Adams has been friendly with landlords, developers and brokers. Over the course of his campaign, he raised hundreds of thousands from big commercial landlords like the Durst Organization, Rudin Management, SL Green Realty Corp., Thor Equities and Tishman Speyer. Jay Martin, the executive director of a small landlord group, Community Housing Improvement Program, said he felt cautiously optimistic about Adams’ pro-real estate perspective. 

“We are hoping this administration will take issues like zoning reform more seriously than the last administration, which allowed the City Council members to fight among themselves, and it’s coming to a head at the very end of the administration,” Martin said.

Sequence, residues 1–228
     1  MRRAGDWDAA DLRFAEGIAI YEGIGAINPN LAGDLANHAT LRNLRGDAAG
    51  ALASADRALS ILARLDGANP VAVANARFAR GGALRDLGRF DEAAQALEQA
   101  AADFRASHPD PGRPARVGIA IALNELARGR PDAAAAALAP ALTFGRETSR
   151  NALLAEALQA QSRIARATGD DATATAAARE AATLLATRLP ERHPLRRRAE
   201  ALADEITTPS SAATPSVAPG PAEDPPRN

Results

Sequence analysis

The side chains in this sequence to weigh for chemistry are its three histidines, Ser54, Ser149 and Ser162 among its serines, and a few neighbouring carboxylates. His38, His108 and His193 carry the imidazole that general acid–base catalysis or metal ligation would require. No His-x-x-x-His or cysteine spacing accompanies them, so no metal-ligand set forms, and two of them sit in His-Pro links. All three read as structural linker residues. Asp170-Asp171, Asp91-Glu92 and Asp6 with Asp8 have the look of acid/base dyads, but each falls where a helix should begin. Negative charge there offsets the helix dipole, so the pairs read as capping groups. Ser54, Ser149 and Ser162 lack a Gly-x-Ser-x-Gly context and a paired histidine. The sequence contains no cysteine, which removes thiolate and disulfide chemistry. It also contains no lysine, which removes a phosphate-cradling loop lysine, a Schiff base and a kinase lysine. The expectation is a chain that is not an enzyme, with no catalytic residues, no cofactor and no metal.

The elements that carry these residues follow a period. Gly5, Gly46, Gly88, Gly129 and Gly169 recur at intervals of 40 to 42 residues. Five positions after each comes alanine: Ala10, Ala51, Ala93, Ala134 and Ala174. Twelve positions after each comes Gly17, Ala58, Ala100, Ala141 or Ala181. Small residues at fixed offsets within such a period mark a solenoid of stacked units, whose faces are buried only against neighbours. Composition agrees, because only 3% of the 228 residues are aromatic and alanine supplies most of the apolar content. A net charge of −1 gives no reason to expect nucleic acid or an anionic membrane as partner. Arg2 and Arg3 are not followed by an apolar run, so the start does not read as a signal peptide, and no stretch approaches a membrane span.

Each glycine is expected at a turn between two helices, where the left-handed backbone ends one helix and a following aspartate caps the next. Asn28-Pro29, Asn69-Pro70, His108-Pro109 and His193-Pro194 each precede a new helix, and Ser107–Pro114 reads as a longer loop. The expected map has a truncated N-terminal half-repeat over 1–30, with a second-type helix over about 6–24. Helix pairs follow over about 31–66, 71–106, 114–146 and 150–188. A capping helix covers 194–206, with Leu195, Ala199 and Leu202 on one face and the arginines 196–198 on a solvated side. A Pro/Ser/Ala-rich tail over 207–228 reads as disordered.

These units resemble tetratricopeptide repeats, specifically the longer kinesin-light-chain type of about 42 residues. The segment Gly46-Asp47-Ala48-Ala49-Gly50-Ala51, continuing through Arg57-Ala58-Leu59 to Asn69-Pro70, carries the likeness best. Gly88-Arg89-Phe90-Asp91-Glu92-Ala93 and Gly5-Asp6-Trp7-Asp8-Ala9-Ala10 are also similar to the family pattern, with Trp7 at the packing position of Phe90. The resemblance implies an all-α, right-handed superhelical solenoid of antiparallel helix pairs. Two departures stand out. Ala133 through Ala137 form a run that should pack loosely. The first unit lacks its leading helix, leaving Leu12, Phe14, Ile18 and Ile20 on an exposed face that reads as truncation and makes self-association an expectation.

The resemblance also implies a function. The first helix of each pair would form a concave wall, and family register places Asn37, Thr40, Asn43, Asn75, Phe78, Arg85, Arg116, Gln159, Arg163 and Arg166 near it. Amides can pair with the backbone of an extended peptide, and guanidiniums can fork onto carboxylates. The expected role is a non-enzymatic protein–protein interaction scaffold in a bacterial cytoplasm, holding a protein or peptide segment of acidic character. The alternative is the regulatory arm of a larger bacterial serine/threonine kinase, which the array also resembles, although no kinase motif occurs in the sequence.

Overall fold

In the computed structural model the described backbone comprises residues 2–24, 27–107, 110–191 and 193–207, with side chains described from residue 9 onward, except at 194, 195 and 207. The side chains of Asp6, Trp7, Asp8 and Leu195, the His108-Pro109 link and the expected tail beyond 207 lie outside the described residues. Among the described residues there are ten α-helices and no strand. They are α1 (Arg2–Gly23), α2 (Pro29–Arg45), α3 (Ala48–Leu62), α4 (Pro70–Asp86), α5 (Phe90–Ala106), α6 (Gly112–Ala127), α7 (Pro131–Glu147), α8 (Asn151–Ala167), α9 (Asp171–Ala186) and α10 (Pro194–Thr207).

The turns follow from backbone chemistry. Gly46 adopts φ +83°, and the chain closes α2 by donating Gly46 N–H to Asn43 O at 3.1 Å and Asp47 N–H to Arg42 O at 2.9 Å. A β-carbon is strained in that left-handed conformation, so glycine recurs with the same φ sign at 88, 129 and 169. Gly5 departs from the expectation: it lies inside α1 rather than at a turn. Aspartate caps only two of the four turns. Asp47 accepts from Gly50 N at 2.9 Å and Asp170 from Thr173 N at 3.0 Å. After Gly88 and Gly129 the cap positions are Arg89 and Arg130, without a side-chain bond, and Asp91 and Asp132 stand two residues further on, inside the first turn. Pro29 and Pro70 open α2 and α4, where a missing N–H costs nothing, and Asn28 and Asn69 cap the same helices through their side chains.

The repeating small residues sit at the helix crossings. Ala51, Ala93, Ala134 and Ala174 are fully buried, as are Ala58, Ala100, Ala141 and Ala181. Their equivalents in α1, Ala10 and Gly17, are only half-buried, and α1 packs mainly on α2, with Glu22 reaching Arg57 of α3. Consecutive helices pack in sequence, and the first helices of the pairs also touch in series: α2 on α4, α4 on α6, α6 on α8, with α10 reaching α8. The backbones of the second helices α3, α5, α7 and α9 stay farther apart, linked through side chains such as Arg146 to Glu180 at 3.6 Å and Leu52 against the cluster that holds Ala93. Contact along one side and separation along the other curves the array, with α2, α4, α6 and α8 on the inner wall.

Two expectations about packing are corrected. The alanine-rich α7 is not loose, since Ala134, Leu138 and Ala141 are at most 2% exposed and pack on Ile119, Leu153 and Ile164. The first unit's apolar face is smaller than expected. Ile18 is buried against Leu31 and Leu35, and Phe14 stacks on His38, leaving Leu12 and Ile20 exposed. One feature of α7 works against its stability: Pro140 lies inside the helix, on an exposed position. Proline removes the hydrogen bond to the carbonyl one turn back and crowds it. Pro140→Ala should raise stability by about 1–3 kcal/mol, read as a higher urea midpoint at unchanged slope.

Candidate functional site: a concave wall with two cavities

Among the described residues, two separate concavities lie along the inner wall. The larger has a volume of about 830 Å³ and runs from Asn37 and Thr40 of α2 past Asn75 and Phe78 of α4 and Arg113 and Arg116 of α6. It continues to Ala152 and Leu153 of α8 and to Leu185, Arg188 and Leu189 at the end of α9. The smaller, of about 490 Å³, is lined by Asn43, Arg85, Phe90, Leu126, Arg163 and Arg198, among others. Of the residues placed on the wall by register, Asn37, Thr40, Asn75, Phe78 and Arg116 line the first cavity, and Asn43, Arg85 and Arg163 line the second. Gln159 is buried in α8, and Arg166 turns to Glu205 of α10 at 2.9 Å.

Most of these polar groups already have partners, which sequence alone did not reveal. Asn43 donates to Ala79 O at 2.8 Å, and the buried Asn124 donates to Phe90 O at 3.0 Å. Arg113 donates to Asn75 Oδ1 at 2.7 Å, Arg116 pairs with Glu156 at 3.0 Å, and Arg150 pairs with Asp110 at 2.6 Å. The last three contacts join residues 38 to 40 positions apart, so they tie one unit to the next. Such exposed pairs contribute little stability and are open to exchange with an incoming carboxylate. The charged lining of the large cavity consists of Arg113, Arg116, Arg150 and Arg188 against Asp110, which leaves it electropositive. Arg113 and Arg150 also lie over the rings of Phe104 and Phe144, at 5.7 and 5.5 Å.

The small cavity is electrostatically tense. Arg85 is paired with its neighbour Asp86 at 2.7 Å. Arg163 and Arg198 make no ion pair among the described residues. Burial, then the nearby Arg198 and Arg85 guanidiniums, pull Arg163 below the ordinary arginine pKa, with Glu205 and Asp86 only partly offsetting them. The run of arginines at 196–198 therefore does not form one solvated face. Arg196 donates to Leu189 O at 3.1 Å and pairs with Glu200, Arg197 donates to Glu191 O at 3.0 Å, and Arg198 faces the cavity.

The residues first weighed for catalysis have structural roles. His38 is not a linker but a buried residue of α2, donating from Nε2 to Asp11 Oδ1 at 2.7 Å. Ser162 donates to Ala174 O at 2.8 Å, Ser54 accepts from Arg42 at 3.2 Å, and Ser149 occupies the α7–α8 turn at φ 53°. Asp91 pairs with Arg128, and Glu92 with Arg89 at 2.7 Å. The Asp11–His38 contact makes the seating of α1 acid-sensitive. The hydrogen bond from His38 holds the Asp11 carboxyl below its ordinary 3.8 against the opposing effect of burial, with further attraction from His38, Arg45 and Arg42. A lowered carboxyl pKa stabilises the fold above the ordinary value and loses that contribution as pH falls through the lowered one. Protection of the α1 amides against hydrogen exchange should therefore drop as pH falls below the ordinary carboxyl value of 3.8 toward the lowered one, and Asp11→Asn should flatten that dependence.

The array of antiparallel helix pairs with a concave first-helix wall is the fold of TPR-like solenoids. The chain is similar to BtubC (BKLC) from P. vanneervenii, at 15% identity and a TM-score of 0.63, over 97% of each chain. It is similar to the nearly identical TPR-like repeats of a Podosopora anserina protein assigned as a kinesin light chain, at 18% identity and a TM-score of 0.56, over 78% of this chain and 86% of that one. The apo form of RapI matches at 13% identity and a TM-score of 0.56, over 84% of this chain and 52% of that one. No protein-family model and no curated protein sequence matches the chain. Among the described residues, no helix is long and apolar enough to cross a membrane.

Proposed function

He also hoped Adams would be receptive to the concerns of small and rent-stabilized landlords, including around issues such as rising utility and tax bills, fines from city agencies, and increased renovation costs related to new environmental rules. 

“The Adams administration could be an advocate for property tax reform and a more robust voucher system to help alleviate renter burdens,” Martin said. He felt that too many financial burdens — combined with constantly growing unpaid back rent due to some tenants’ struggles through the pandemic — had begun to weigh on small landlords that couldn’t afford to absorb the cost.